Caries (tooth decay) is perhaps the most common disease of children in the UK. It is caused by bacteria which act on certain foods in the mouth. Sugary foods and drinks are the worst. The combination of bacteria and food causes acids to form which can slowly dissolve the teeth. If this happens, a filling may be needed. If it is left untreated, the tooth may decay further and need to be removed. Caries be prevented by brushing teeth, using fluoride, the right choice of foods, and a dental checkup ever 6-12 months.
Encourage children to brush their teeth at least twice a day. Start as soon as the first tooth develops in infancy so that you and your child get into a habit. Many children don’t like their teeth being brushed at first. However, it is possible to make it into a game when first started. Do persist as it is very important to develop this habit. By the age of 3 or 4 children can often clean their own teeth (under supervision). A fluoride toothpaste is recommended.
As far as possible, limit sugary foods and drinks between meals. If you children have sweets, it may be better to eat them all at once as a snack rather than spread them over several hours. Try fruit or raw vegetables as snacks instead. If you child needs medicine, sugar-free medicines are best if they are available.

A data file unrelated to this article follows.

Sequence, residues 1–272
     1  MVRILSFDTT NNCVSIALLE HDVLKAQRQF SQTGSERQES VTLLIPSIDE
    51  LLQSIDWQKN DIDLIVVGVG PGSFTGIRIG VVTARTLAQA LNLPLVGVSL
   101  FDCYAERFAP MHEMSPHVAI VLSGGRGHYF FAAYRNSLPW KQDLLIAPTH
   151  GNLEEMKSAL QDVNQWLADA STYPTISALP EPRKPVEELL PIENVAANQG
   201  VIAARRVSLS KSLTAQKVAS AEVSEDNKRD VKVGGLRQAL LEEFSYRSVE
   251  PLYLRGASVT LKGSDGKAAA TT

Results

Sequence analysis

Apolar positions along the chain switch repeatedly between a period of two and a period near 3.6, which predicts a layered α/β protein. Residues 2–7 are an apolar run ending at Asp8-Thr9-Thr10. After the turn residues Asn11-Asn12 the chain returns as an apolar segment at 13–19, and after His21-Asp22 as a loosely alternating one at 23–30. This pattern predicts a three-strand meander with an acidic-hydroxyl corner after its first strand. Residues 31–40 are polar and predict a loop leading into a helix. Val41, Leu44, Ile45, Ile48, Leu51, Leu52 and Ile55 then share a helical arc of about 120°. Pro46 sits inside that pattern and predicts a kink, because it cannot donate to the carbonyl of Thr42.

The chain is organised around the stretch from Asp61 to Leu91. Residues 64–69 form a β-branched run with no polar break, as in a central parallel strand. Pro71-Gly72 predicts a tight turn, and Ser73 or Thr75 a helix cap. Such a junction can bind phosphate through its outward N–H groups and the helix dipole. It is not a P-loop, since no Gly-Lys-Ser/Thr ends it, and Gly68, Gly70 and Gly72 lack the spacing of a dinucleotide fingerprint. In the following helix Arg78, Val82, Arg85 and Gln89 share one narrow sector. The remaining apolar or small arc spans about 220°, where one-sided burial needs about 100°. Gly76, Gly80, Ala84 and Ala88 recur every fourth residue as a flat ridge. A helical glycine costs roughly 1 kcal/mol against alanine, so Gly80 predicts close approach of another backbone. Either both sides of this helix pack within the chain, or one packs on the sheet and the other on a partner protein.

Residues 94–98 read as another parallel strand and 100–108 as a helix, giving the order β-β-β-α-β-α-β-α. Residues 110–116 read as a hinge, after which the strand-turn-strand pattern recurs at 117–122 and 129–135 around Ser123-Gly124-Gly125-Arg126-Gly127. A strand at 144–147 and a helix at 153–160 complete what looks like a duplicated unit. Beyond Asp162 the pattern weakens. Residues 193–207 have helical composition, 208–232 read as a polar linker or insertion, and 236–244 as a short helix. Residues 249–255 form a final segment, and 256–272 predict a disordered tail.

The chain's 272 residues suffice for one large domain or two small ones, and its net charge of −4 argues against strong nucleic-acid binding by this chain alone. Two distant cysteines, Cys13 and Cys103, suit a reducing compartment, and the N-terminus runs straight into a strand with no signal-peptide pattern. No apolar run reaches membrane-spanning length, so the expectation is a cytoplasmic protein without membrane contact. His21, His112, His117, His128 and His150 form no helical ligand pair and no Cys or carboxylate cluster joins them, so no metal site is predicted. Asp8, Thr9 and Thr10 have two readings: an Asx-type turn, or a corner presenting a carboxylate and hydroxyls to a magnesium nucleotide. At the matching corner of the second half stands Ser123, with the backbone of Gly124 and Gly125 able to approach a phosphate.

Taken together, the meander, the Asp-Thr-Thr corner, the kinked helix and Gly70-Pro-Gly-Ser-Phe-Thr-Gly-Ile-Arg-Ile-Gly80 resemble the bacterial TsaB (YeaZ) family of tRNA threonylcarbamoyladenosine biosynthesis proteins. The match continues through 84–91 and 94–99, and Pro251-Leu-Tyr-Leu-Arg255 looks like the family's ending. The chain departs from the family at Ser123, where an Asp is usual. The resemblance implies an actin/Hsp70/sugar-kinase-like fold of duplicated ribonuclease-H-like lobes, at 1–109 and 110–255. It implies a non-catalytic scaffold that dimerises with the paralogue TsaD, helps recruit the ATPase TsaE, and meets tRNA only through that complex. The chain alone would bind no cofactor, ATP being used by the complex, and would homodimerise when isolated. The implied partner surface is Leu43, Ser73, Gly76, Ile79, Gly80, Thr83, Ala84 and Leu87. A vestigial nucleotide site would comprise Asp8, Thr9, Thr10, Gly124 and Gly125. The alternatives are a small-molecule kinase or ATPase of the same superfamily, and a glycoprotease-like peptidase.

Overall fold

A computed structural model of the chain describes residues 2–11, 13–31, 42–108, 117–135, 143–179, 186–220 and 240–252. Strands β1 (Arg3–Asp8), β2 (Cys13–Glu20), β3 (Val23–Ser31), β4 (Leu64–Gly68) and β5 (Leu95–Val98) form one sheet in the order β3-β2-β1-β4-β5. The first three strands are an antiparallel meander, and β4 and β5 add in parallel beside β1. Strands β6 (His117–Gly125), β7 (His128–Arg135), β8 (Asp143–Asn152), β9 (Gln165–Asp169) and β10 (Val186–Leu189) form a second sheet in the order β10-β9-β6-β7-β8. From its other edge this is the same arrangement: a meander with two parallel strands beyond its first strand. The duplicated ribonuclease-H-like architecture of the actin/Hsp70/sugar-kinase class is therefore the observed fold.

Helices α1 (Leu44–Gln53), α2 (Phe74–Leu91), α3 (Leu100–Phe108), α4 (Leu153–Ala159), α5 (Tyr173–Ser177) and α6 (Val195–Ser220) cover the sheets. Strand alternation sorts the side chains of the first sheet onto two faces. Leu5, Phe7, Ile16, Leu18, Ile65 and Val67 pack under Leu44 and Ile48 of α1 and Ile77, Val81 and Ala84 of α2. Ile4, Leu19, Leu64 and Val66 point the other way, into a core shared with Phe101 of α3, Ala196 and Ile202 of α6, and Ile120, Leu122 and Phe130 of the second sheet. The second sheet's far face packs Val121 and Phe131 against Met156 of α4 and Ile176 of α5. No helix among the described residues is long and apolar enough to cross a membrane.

Fluoride is a chemical that is found naturally in water in very low concentrations. It helps to protect teeth against caries. Some areas have fluoride added to the water supply. This has greatly reduced tooth decay in those areas. It is worth finding out if your area is a fluoride area (your dentist will know). If not, your dentist may advise fluoride drops.
It is worth getting your child used to dental check-ups from an early age. A check up every 6-12 months is best. In some areas, particularly where there is no fluoride in the water supply, a ‘sealant’ can be placed in the crevices at the back of the teeth by a dentist. This helps protect the teeth from caries and tooth decay. It is 6-7 year olds who may benefit most. A dentist will advise about this.
Some children have very deep fissures (crevices) in their permanent back teeth, which can be difficult to keep clean. These fissures can be sealed with a resin film to protect the surface from decay. Fissure sealants are quick and painless to apply. The dentist cleans the tooth with a special acid, then washes and dries it. The resin is then painted on to the tooth and hardened with a bright, blue light. Fissure sealants can last for several years, but your child should visit the dentist regularly to check that they haven’t worn through. Children with fissure sealants still need to brush their teeth with fluoride toothpaste.
To reduce your child’s risk of tooth decay and dental erosion:
- take your child to the dentist regularly
- don’t give him or her too many sugary or acidic foods and drinks
- encourage your child to brush his or her teeth twice a day with at least 1,000ppm fluoride toothpaste
- encourage your child to spit out toothpaste and not rinse with water, as this reduces the effect of the fluoride
- take advice from your dentist about protective treatments such as fluoride supplements and fissure sealants (see Fissure sealants)